I have a Hawaiian teacher who usually talks about her homeland, Hawaii and I have an essay I'm working on about the Pacific culture so I interviewed her yesterday and she said she has nothing to teacher her children because her culture is completely gone and it's a heartbreak. She clearly stated the Hawaiian culture is completely gone, the clothing, songs, etc, all gone. I'm wondering if it is really true and if it is then what could be the reasons please?
I am sorry your teacher thinks that way.
I am not sure when was the last time she visited Hawai'i but I disagree with her.
Of course Hawai'i has changed a lot over the years and we have high rises and a lot of traffic.
But things change everywhere and that is a part of life.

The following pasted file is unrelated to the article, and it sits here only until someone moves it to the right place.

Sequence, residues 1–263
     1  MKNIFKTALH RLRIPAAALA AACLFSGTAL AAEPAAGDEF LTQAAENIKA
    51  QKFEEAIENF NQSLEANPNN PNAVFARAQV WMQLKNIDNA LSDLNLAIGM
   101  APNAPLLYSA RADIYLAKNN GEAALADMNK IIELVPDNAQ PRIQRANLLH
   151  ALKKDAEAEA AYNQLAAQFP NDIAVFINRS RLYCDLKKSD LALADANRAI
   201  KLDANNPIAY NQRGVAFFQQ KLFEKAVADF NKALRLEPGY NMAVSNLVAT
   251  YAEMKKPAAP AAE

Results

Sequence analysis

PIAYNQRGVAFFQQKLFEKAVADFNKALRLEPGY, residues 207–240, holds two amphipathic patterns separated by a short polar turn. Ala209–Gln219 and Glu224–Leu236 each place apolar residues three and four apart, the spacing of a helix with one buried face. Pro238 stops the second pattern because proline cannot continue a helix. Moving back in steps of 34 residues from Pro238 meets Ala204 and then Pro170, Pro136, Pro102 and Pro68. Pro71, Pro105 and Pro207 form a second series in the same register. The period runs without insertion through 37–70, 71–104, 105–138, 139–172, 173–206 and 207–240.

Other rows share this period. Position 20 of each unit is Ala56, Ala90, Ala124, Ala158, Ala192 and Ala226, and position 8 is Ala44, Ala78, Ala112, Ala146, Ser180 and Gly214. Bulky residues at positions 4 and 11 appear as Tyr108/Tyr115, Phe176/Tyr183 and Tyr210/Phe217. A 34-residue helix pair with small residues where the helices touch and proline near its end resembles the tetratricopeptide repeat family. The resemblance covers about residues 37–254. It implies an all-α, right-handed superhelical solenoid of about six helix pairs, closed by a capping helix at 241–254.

We have a Hawaiian radio station that only plays Hawaiian music (105.1) and some schools are immersion schools that only have classes in Hawaiian. The Hula is danced in many places in Waikiki every night and our museum (Bishop Museum) has a huge collection of Hawaiian cultural items. Men wear Hula shirts to work every day.
Of course there are the tourists that never leave Waikiki and don't care about anything else than tanning and some clothes and Hula shows have a tacky/touristy flair, but that doesn't mean that the culture is dead.
Many years ago (and that might have been when your teacher was living here) the Hawaiian culture was shut down (especially after Hawai'i became the 50th state of the USA) because everyone wanted to be 100 % American. But now, even though life is fast paced, you hear the words "aloha" and "mahalo" everywhere and the Hawai'i Chamber of Commerce, the Hawai'i Visitors' Bureau as well as many other organizations make sure we preserve the culture and the environment and the land given to us by our ancestors.